The Department of Justice and U.S. Treasury said Tuesday that HSBC allowed the most notorious international drug cartels to launder billions of dollars across borders. In addition, the government said HSBC violated U.S. sanctions for years by illegally conducting transactions on behalf of customers in Iran, Libya, Cuba, Sudan and Burma.
At a news conference in Brooklyn, N.Y., Assistant Attorney General Lanny Breuer said the settlement concluded a five-year investigation in which the department reviewed 9 million documents.
"HSBC is being held accountable for stunning failures of oversight," said Breuer in a department statement. "The record of dysfunction that prevailed at HSBC for many years was astonishing."
HSBC CEO Stuart Gulliver accepted responsibility for the banks' mistakes. "We have said we are profoundly sorry for them, and we do so again," Gulliver said in a statement.
The deal includes a deferred prosecution agreement with the Department of Justice. No charges will be brought against the bank provided certain conditions are met. Breuer didn't rule out individual prosecutions.
As part of the settlement, HSBC is required to take actions to strengthen its compliance policies and procedures. HSBC has also replaced its senior management, and "clawed back" deferred compensation bonuses given to its most senior officers in the money laundering compliance division.
In the U.K., the bank's lead regulator the Financial Services Authority (FSA) did not penalize the bank financially for its failures. But it required the bank to take steps to prevent similar failings, including the hiring of an independent monitor to oversee the bank's international transactions in the future.
In Mexico, HSBC became the preferred bank for drug cartels and money launderers, according to the Justice Department. The government said the bank didn't raise red flags even when billions of dollars in transactions took place in cash, the typical mode of operation for drug dealers.
Between 2006 and 2009, according to DOJ, HSBC failed to monitor $670 billion in wire transfers and $9.4 billion in cash transactions from its Mexico bank operations.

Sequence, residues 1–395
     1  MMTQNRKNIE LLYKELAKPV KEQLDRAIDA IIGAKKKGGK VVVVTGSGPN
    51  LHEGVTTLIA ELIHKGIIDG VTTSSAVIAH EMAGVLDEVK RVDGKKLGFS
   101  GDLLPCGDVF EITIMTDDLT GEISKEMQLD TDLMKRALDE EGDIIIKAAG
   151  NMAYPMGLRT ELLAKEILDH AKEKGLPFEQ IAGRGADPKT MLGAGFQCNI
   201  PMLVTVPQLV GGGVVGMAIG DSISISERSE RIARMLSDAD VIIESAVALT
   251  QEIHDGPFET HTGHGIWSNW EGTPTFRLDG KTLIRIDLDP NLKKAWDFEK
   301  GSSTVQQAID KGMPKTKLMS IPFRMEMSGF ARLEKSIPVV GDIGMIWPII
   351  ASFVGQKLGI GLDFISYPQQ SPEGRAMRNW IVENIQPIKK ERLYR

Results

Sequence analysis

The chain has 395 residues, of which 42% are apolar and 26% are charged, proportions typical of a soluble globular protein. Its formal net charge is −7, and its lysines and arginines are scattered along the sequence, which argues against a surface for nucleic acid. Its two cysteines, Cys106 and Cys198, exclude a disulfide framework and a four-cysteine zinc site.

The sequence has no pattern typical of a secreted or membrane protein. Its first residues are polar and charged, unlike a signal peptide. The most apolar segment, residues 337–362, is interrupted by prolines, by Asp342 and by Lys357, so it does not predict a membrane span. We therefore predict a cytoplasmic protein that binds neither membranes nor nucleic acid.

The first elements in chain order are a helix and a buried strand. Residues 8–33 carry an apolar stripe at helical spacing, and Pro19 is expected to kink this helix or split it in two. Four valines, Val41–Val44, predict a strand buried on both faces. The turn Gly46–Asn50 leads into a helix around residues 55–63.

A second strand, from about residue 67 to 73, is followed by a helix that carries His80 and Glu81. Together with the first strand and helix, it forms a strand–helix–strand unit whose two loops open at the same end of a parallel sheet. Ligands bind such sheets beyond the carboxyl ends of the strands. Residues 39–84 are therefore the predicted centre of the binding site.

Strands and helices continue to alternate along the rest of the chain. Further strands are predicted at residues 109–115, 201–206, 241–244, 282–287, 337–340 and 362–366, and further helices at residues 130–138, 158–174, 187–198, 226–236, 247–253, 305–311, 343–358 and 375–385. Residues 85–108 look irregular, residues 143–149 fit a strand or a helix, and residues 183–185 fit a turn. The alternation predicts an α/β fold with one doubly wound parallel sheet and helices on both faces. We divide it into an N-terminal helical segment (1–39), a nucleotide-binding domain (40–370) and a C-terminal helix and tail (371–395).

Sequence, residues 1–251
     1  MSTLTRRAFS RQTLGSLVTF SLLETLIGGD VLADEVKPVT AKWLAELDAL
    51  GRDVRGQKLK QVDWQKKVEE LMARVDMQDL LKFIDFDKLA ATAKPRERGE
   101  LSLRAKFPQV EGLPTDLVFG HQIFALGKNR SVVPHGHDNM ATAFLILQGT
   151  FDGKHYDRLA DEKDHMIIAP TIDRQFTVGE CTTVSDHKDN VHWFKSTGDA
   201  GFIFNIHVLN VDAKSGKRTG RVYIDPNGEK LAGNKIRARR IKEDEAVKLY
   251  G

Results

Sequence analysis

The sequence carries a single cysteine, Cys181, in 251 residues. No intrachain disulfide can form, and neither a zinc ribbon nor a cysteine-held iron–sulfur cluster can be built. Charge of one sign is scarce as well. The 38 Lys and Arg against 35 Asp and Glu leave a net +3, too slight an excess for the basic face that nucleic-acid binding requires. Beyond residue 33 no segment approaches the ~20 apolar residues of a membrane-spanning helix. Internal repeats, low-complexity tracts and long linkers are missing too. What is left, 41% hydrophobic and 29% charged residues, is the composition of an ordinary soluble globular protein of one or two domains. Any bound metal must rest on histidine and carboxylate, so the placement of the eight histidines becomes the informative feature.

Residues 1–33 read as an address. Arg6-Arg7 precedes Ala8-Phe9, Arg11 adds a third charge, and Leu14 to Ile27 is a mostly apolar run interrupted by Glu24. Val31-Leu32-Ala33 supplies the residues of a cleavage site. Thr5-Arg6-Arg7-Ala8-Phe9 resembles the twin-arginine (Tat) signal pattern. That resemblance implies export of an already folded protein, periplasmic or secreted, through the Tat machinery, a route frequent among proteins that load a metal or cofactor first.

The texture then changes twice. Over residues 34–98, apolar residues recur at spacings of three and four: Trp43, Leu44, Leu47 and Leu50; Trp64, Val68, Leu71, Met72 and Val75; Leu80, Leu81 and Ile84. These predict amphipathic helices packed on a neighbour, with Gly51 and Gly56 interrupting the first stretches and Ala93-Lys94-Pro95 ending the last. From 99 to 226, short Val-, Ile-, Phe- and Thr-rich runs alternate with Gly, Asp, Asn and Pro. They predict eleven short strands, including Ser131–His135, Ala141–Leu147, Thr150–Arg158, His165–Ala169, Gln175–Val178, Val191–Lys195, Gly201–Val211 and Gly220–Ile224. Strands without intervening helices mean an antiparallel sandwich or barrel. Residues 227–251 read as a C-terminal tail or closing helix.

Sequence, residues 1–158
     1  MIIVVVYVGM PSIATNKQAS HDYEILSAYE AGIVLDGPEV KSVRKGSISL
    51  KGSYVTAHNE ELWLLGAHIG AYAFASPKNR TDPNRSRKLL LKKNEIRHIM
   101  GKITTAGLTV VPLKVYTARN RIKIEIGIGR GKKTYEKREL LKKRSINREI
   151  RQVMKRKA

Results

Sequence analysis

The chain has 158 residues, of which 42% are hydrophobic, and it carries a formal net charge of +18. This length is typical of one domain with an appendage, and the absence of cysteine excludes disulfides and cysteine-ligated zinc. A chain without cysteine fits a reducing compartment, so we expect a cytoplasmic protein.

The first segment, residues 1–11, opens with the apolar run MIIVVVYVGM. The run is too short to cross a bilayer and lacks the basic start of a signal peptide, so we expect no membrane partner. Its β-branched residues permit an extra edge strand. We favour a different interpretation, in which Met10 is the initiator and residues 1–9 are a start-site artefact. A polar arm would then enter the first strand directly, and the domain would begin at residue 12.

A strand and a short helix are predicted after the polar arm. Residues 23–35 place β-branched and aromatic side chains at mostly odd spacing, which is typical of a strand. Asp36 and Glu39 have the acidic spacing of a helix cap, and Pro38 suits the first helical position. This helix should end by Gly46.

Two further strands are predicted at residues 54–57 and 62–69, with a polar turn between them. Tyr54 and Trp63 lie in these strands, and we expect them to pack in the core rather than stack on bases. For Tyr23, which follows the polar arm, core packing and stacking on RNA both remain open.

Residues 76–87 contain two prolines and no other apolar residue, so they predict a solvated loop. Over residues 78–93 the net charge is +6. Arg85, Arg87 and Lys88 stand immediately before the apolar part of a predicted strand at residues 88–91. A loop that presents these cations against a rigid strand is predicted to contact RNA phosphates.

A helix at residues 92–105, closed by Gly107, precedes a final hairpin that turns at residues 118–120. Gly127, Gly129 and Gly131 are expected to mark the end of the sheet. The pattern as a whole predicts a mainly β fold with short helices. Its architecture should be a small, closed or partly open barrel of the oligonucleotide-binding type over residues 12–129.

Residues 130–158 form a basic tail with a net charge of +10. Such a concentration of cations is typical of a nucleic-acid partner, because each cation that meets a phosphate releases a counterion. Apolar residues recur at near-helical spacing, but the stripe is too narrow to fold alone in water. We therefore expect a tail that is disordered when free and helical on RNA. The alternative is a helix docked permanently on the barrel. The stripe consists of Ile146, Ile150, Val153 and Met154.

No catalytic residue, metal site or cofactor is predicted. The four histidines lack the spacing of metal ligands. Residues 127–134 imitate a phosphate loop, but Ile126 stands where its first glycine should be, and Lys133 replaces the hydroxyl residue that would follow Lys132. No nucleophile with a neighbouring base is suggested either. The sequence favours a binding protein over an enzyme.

Because of these failures, at least $881 million in drug trafficking money -- including those of the Sinaloa Cartel of Mexico and the Norte del Valle Cartel of Colombia -- were laundered through HSBC, according to Justice.
The DOJ said HSBC also helped process $660 million in prohibited transactions from Iran, Cuba, Sudan, Libya and Burma by deliberately hiding the identities of these countries.
The settlement follows a Senate subcommittee report released in July that accused HSBC ( of failing to prevent money transfers by Mexican drug cartels and banks linked to terrorism financing. )
Among other things, the report claimed that in 2007 and 2008, HSBC's Mexico unit shipped $7 billion in cash to the bank's U.S. affiliate, a volume of shipments that law enforcement officials said could reach that size "only if they included illegal drug proceeds."
In a filing with the Securities and Exchange Commission last month, HSBC said it had set aside $1.5 billion to cover potential penalties from the U.S. money laundering investigation, but warned the final cost could be significantly higher.
HSBC also said it was improving its internal controls, including the appointment of former Treasury Department official Bob Werner to a new role as Head of Group Financial Crime Compliance and Group Money Laundering Reporting Officer.
"The announcement of Bob's new role underscores our determination to address the shortfalls highlighted by recent investigations," HSBC spokesman Rob Sherman said. "We have made good progress to date, but have much more to do."
The London-based bank joins a long list of financial institutions that have faced scrutiny from U.S. regulators over allegedly illicit money transfers, but the size of its combined settlement with eight different U.S. authorities is unprecedented.
U.K. bank Standard Chartered agreed Monday to pay $327 million to settle charges that it violated international sanctions on transactions with Iran, Burma, Libya and Sudan.
In June, Dutch bank ING agreed to pay a $619 million penalty for moving billions of dollars through the U.S. financial system at the behest of Cuban and Iranian clients.
Back in 2010, Wachovia Bank paid $160 million to resolve allegations that its weak internal controls allowed Mexican cartels to launder millions of dollars worth of drug proceeds. Wells Fargo (bought Wachovia in 2008. )
And Swiss bank Credit Suisse paid $536 million in 2009 to settle U.S. claims concerning business with Iran and other countries.